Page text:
Working since she the age of 18, I, Cassandra Praba led a very sheltered upbringing which led to a naiveté that often got me into sticky situations as early as school. Currently working for Propay Partners, an HR & Payroll outsourcing firm in Kuala Lumpur, Malaysia, as Senior Marketing Associate, I look back at my professional journey with pride.
“Back in school I was bullied for being tall and standing out. Wanting to fit in, I did a lot of things to please my school mates, which of course, got me into more trouble with my teachers and parents. Looking back, I can fondly laugh at those memories. My motto at the time was, “if you can’t beat ’em, join ’em”. However, at a later stage in life, I learnt that beating someone was not a choice, it was the only choice. Especially, if you were a woman.”
I am happy to share my story through the Women Icons Network here:

Throughout my 24-year career, I have come across a number of instances where I have been the only woman in the room, which made for uncomfortable situations. I’ve seen men in boardrooms avoiding my presence and ignoring my attempts even before I attempted to speak. To a certain point, being ignored had its advantages; I could sit back and observe silently the various personalities in the meetings which was not always an advantage to some of the people in these meetings.

It was during these times that I always wondered about the transitory role women had to take on at workplaces especially while leading a team or attending male-dominated C-suite meetings after a lifelong conditioning of “don’t-forget-you-are-a-woman” quotes.

When I was working for the Equatorial Hotel, I had a lady boss who was a real drill sergeant. I remember not wanting to go to work on a daily basis. A real taskmaster, she always encouraged me to be tough and stand my ground. At the time, I had no idea why she was so hard on me. I realise now the power women should have to own their workspaces. She was one of the first persons who made sure my voice was always heard.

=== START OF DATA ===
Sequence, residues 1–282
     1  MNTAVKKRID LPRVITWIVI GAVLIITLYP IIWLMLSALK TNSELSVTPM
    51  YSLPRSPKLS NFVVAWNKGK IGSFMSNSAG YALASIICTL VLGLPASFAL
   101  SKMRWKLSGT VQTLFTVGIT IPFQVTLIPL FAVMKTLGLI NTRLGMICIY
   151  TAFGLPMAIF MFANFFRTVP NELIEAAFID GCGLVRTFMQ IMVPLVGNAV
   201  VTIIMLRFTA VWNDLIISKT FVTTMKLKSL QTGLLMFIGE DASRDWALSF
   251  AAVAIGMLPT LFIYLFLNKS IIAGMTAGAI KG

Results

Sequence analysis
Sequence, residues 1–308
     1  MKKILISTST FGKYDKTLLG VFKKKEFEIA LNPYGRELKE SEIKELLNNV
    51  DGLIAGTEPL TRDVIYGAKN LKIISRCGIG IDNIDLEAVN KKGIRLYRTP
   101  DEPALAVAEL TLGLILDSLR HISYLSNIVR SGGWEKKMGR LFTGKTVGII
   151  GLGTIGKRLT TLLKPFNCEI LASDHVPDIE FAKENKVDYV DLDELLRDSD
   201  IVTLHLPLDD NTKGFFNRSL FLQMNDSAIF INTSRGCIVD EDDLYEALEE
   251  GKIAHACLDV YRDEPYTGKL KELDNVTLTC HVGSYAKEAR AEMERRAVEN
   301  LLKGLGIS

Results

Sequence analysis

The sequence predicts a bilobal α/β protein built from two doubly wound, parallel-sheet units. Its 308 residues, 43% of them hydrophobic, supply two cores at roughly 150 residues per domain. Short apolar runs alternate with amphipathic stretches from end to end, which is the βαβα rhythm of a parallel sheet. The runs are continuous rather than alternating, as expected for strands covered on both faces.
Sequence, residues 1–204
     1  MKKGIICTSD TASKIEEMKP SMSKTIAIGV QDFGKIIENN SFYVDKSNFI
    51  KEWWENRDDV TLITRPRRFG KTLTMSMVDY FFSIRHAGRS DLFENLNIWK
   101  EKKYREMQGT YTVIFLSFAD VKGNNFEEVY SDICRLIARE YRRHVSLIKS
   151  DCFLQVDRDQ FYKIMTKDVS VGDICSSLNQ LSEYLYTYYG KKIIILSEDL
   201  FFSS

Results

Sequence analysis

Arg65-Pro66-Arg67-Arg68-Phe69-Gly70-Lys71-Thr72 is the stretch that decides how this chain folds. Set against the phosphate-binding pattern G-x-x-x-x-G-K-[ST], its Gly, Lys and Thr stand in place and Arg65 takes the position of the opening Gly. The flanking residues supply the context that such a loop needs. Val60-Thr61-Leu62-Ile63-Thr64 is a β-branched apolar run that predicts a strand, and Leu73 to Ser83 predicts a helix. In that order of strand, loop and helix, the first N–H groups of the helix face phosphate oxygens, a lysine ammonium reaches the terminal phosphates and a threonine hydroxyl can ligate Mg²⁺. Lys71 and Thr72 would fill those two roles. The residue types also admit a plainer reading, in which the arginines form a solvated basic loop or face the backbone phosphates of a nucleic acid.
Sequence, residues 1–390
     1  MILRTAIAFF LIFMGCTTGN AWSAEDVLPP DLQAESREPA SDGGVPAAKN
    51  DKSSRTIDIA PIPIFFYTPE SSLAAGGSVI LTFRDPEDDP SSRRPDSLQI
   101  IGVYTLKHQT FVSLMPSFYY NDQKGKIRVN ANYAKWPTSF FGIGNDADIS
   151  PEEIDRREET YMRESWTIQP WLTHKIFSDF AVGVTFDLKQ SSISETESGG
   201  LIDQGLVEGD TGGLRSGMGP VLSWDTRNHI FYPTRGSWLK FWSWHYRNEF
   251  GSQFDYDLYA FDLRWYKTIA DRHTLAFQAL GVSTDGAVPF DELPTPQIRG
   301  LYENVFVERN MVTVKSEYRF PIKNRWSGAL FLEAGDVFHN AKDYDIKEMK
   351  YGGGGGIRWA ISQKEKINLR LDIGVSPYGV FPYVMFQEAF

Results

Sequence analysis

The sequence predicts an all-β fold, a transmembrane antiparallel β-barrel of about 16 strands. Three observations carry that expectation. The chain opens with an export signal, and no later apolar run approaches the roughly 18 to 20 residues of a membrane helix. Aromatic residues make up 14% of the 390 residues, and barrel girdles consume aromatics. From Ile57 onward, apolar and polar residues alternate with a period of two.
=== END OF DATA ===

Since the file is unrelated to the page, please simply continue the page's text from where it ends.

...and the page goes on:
Today, women’s rights have come a long way. No doubt things are changing in the new millennium but there’s a lot more work to be done especially in terms of normalising women’s influence at the workplace. Women are still not the first to speak up or grab opportunities or give ideas. They are neither asked what their needs are nor how safe their workplaces ought to be or even encouraged to demand for a raise like their male counterparts.

Family influence

One of the greatest influencers I have had in my life is my family. My father, a renowned hotelier for the last 40 years started out at a tender age of 16 as a bus boy and worked his way up. As a person who naturally has fun doing his job, dad’s attitude, zeal and audacity made him the COO of many global hotels which gave me the confidence to venture into industries where women didn’t care to go much – like films and pubs. There weren’t many women leaders also in those places whom other women could lean on.

My mother, too, was an indomitable force in my life. Having raised three kids mostly by herself due to Dad’s highly-demanding work schedule which led him to move to Mauritius for 10 years, Mom was the one person who was our real window to the world and she did a great job of keeping us grounded.

When I took over as General Manager at a popular bar in Kuala Lumpur, I was super excited to venture into a new industry. As it turned out, reality didn’t quite play out the same way my fantasy did. My colleagues – all men – who came from different countries, backgrounds and skillsets were not keen to toe my line until I earned their respect as their manager.